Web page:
19 May People Analytics Firm Aims To Improve Care While Reducing Labor Turnover
MedicalResearch.com Interview with:
Mr. Mike Rosenbaum
Founder and CEO
MedicalResearch.com editor’s note: As part of an ongoing series on changes in the health care landscape, we interviewed Mr. Mike Rosenbaum, founder of Pegged Software. Pegged Software uses an advanced “analytics engine to selecting job candidates based on the actual determinants of high performance”, specifically in the health care field. The Pegged team “serves a broad set of healthcare organizations, applying modern technology and data tools to workforce construction and talent identification”.
MedicalResearch.com: Can you tell us a little about yourself? How did you get interested in this field?
Mr. Rosenbaum: I was on a path to become an academic, and as a fellow at Harvard I was interested in, and doing research about, and writing on topics related to the application of data to the most subjective areas of human endeavor. My interest in the application of predictive analytics to talent grew out of that work. I initially started a business that applied these concepts to the software engineering space, and in 2009 I met an executive at a hospital who explained to me the issue they were facing and asked if I could help. We ended up making a copy of the same technology we used in the software engineering space and putting it in a new company, which we called Pegged Software, and built that technology specifically for the healthcare and hospital space. We ran the technology in that hospital and several others for about two and a half years, and in that time our best deployment reduced turnover by 77% and our worst reduced turnover by 45%. So in late 2012 we started building out the team, and today we are deployed into over 400 healthcare facilities and have a median impact of a turnover reduction of 38%.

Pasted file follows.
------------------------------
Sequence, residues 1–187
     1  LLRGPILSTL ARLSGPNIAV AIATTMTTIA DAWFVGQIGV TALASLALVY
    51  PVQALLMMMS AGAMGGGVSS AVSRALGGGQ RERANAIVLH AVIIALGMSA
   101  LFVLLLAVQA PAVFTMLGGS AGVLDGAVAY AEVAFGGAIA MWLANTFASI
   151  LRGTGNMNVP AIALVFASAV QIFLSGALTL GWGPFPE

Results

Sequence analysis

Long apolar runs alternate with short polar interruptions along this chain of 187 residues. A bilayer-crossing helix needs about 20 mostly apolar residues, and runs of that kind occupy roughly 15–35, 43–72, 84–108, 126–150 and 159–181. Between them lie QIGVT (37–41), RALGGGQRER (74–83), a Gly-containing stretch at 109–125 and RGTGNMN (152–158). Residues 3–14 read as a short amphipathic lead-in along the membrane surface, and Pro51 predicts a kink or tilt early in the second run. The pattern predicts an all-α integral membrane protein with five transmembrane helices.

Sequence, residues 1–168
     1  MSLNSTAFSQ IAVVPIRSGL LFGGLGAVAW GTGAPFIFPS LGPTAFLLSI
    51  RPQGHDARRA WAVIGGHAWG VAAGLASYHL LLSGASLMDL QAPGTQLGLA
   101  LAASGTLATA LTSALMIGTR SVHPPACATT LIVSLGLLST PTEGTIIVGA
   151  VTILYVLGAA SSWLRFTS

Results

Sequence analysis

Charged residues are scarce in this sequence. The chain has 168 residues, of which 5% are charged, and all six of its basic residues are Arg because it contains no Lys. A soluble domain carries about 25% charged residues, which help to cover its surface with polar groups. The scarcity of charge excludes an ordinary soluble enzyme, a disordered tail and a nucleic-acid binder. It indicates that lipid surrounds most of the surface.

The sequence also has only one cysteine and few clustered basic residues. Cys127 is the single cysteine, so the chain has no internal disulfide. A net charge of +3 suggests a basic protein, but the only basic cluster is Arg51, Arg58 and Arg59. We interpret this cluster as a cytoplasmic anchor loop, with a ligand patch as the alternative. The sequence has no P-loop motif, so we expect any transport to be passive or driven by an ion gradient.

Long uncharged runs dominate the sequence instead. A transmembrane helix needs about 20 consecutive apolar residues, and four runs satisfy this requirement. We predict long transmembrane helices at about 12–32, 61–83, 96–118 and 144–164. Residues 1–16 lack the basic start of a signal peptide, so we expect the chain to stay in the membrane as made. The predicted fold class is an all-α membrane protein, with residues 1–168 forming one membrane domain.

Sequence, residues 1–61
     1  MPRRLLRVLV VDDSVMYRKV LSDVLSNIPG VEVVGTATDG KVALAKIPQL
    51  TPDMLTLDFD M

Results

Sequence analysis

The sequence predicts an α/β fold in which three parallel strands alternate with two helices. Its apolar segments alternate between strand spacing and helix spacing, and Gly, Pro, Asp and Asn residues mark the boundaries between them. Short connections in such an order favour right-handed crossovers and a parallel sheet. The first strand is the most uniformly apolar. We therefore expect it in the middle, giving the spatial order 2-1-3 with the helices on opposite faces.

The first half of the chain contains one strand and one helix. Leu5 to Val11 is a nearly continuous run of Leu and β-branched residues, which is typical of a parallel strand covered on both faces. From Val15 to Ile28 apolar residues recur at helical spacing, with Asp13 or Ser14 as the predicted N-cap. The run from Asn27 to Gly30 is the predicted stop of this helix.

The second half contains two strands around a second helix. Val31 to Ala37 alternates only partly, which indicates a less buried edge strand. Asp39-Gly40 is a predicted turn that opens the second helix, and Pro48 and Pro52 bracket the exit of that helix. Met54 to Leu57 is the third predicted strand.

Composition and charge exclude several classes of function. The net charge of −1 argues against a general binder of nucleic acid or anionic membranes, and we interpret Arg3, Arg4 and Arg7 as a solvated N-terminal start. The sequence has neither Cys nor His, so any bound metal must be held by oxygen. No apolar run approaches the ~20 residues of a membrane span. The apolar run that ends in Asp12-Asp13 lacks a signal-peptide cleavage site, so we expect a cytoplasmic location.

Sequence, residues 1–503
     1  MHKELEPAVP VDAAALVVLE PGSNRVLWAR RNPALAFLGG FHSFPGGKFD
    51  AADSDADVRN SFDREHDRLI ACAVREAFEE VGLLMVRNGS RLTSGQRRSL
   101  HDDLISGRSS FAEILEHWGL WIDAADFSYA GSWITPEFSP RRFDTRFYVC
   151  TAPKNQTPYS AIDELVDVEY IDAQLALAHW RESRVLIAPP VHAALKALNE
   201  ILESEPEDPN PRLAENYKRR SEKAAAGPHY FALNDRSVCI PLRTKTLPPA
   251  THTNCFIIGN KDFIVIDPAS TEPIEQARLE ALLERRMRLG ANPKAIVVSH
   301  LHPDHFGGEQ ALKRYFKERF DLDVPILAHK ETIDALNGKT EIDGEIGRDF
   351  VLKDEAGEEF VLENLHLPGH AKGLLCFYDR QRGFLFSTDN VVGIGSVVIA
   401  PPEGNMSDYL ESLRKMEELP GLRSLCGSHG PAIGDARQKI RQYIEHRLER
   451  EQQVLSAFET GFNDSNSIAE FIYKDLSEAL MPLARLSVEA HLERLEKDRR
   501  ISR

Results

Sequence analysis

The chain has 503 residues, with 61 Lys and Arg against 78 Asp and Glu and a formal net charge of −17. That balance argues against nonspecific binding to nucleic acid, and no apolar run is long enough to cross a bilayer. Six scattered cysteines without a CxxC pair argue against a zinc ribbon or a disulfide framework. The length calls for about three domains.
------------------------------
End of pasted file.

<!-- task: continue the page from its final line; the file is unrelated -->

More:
MedicalResearch.com: What is the mission of Pegged Software? How can people analytics improve health care institutions’ bottom line as well as patient care and satisfaction?
Mr. Rosenbaum: A huge portion of the total cost base of a healthcare institution, and of a healthcare institution’s ability to deliver quality care and outcomes to patients, is based on people. And yet there has been limited innovation in the way we choose and deploy people, given the dramatic importance of those decisions. We are using technologies many of which were originally developed for the marketing industry—technologies designed to predict a consumer’s likelihood of clicking on an advertisement or purchasing a product—but applying them to hiring and talent decisions to predict outcomes associated with those personnel decisions. By predicting the likelihood an employee will turn over, or the likelihood an employee will have a positive impact on an HCAHP score, or the likelihood an employee will make a medical error or provide care that results in a patient’s readmission within 30 days, people analytics can generate massive economic savings and drive dramatic improvements in patient care and satisfaction.
MedicalResearch.com: What should readers take away from your interview? Will people analytics change the way hospitals hire in the future? How is big data going to make a difference in how hospitals are run in the future?
Mr. Rosenbaum: Hospitals are under siege from an economic perspective, and yet the dramatic shifts in the healthcare industry create an opportunity to introduce innovations that were originally developed for other industries. Hospitals can in fact do something about turnover, quality patient care, and consistency of engaged staff delivering quality and reducing mistakes.
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Note: Content is Not intended as medical advice. Please consult your health care provider regarding your specific medical condition and questions.